By: David Giambusso/The Star-Ledger
Jim Pathe/The Star-Ledger 2000 photo of former Newark City Councilman George “Buddy Gee” Branch.
NEWARK — Remembered as a tireless champion of seniors and kids, former Newark City Councilman George “Buddy Gee” Branch died today in North Carolina, family and friends said. “George’s motto was never look down on a man unless you intend to pick him up,” his wife, Joyce Branch, said today from her North Carolina home. “He carried that through with politics and his life.”
Branch was elected to the Newark City Council in 1982 and represented the Central Ward for 16 years before losing the seat to Cory Booker in a closely watched — and at times acrimonious — election. But Booker, along with friends and family, remembered Branch fondly today as a man who left the battle in the ring. “When the fight is over, it’s over,” Mrs. Branch said of her husband’s philosophy.
“It’s the passing of one of our legends,” said Booker, now the city’s mayor. “My first entry into politics was going up against the lion of the Central Ward.” Despite the tough race, Booker said Branch always carried himself with “dignity and honor.”
The son of sharecroppers, the 80-year-old former boxer moved from North Carolina to Newark with his family in the early 1940s. He dropped out of school at age 16 to support his mother and siblings. Branch discovered fighting as a means to earn money, but he never forgot the lesson he learned from friend Kelley Marx, then-owner of the Clinton Milk Co.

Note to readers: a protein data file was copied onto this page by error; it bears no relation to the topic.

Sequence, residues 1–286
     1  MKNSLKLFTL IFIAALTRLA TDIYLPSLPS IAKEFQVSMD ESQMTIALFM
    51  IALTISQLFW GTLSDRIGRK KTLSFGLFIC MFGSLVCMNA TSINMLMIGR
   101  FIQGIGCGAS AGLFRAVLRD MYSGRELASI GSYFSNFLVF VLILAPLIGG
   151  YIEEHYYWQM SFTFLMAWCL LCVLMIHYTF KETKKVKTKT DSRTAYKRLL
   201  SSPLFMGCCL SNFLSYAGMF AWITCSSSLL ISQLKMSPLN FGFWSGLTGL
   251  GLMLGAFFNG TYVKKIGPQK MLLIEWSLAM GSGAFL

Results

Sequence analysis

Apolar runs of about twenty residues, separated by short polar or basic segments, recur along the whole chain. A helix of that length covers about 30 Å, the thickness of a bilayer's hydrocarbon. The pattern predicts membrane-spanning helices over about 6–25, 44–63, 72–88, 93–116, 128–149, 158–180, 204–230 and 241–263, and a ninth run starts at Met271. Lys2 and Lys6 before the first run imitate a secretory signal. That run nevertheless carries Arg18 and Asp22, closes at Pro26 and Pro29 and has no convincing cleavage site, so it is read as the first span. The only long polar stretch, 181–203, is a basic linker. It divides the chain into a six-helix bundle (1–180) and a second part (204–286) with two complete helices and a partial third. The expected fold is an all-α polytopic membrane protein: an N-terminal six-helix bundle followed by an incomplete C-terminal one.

“If you ever want to do anything in the world, you have to read the paper,” Marx told Branch, according to his wife. He would return to night school years later to get his high school diploma and eventually a bachelor’s degree in urban studies from Saint Peter’s College.
After his own boxing career ended, Branch helped coach scores of other fighters, some of whom went on to win golden gloves. But throughout, he sought to counsel and raise money for the kids of Newark, according to his longtime friend and ally Councilman Charles Bell.
“He worked for the young people from Project Pride to passing legislation,” Bell said today, calling Branch a “champion of the people — from maintenance workers to corporate giants.”
Project Pride, co-founded by Branch, Bell and Star-Ledger sports columnist emeritus Jerry Izenberg, provides money for citywide sports programs. The bulk of the funding comes from the annual Pride Bowl, a major October football game between Division III teams.
Branch was also widely credited with helping to oversee the rebuilding of the Central Ward after the 1967 Newark riots. In addition to housing, Branch helped a dozen churches acquire city land to build sanctuaries, schools and community centers.
Twenty-six years ago, Branch met his wife at a Christmas party thrown by then-Councilman Ralph Grant. “We went through a lengthy courtship — two years — today that’s lengthy,” she said. The couple would have celebrated their 24th anniversary in less than two weeks.
“I haven’t regretted a day since,” Mrs. Branch said today from her North Carolina home, where the couple moved after Branch underwent a brain operation in 2004. In declining health, Branch had returned to his native North Carolina both for the climate and to be near his children, two of whom are doctors.
“The move was a necessity,” Mrs. Branch said.
The couple has two other children and four grandchildren who will be returning to Newark this weekend for a Saturday 11 a.m. funeral at St. James AME Church. The funeral is likely to see major turnout from the Newark political establishment, as well as countless community members.
“Wherever he went people knew, loved and respected him,” Bell said today. “That will be the summation of Councilman George Branch.”
George Branch was Inducted into the New Jersey Boxing Hall of Fame on November 9, 1995.